subject
Intro

edX: Introduction to Functional Programming

 with  Erik Meijer

Broadly speaking, functional programming is a style of programming in which the primary method of computation is the application of functions to arguments. Among other features, functional languages offer a compact notation for writing programs, powerful abstraction methods for structuring programs, and a simple mathematical basis that supports reasoning about programs.

Functional languages represent the leading edge of programming language design, and the primary setting in which new programming concepts are introduced and studied. All contemporary programming languages such as Hack/PHP, C#, Visual Basic, F#, C++, JavaScript, Python, Ruby, Java, Scala, Clojure, Groovy, Racket, … support higher-order programming via the concept of closures or lambda expressions.

This course will use Haskell as the medium for understanding the basic principles of functional programming. While the specific language isn't all that important, Haskell is a pure functional language so it is entirely appropriate for learning the essential ingredients of programming using mathematical functions. It is also a relatively small language, and hence it should be easy for you to get up to speed with Haskell.

Once you understand the Why, What and How that underlies pure functional programming and learned to “think like a fundamentalist”, we will apply the concepts of functional programming to “code like a hacker” in mainstream programming languages, using Facebook’s novel Hack language as our main example. This course assumes no prior knowledge of functional programming, but assumes you have at least one year of programming experience in a regular programming language such as Java, .NET, Javascript or PHP.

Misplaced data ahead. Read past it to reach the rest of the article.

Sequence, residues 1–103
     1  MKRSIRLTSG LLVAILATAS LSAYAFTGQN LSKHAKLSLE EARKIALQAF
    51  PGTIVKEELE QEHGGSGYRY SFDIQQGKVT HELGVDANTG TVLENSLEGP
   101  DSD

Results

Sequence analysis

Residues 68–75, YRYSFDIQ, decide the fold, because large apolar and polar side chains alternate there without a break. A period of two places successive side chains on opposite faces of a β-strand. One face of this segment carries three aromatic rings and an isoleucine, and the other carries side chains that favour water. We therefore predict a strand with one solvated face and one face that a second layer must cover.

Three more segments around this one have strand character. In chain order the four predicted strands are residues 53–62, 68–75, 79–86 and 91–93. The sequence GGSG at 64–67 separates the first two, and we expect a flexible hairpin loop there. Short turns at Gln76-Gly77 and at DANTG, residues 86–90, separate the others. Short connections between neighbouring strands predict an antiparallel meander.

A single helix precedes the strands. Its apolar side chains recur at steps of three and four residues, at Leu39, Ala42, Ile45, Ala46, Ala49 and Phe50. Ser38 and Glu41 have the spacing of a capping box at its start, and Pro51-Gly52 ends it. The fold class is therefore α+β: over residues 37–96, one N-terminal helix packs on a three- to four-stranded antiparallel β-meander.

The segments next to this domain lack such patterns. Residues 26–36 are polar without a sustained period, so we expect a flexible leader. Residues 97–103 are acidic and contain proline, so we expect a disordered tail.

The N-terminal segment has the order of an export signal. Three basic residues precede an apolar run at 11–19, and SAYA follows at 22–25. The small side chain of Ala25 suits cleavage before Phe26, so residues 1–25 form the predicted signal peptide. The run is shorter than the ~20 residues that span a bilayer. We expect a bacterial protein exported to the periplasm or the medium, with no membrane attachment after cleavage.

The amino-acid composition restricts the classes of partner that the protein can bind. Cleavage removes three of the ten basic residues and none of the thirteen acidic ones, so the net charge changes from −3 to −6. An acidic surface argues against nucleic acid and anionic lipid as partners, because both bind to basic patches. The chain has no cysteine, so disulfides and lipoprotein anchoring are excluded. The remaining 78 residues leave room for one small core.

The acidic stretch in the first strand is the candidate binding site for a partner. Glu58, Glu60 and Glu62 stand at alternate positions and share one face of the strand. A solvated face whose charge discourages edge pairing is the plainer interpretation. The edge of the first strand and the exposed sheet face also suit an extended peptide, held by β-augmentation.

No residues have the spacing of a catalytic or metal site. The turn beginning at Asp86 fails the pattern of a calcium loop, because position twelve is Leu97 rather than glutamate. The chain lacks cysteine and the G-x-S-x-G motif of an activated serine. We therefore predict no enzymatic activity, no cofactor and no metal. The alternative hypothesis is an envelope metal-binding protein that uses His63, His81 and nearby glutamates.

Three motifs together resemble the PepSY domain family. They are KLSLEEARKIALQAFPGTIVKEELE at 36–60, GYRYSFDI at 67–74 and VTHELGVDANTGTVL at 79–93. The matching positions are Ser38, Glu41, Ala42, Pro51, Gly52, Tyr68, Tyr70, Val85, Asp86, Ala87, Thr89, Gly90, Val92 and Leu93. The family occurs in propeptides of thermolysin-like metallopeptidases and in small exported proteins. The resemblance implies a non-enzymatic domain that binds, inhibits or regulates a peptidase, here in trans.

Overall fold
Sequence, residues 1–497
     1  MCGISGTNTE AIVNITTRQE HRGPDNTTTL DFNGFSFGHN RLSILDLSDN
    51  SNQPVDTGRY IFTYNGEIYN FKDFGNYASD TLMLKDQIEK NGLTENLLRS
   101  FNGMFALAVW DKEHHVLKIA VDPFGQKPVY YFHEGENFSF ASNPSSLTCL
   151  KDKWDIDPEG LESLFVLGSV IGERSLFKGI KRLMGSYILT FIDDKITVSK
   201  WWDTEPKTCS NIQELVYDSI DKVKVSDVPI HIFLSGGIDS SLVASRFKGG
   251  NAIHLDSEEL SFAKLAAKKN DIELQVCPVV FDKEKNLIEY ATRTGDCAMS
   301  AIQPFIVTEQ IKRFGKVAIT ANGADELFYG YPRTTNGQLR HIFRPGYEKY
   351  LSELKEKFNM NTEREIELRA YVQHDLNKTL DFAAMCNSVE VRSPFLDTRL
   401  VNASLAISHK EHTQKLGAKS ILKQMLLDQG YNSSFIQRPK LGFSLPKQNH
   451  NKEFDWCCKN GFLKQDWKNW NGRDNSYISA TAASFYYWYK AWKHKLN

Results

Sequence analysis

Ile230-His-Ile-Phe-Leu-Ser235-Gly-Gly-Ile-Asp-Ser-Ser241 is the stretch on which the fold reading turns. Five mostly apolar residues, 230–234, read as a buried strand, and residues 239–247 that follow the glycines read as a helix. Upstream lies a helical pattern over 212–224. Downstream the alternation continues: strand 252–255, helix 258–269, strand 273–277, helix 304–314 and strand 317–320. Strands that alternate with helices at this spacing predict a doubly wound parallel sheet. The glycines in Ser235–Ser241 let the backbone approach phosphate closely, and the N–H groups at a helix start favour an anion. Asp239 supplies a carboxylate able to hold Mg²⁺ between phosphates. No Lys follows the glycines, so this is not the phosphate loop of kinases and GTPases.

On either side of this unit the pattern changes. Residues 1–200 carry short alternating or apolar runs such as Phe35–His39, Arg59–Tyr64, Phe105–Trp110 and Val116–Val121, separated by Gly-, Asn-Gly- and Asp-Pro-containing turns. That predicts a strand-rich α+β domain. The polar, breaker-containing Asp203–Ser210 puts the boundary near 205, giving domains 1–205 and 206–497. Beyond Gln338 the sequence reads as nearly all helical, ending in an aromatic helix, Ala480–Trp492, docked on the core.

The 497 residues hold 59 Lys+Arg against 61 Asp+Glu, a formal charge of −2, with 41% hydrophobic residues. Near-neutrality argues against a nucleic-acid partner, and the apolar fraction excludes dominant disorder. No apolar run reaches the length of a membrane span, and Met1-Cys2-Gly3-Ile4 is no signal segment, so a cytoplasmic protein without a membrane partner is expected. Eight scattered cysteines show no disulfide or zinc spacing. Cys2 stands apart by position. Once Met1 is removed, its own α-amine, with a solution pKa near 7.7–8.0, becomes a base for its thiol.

LICENSE
The course materials of this course are Copyright Delft University of Technology and are licensed under a Creative Commons Attribution-NonCommercial-ShareAlike (CC-BY-NC-SA) 4.0 International License.

11 Student
reviews
Cost Free Online Course
Pace Self Paced
Subject Programming
Provider edX
Language English
Hours 4-6 hours a week
Calendar 7 weeks long

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11 reviews for edX's Introduction to Functional Programming

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4 out of 4 people found the following review useful
2 years ago
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Anonymous completed this course.
First you have to understand that this course is not about Haskell - indeed it seems as if Erik not only dropped Microsoft but all his former passion for pure FP and Haskell. But this would not be the problem - the course is about FP and that would be great. So where is the problem? The problem is that all the exerc Read More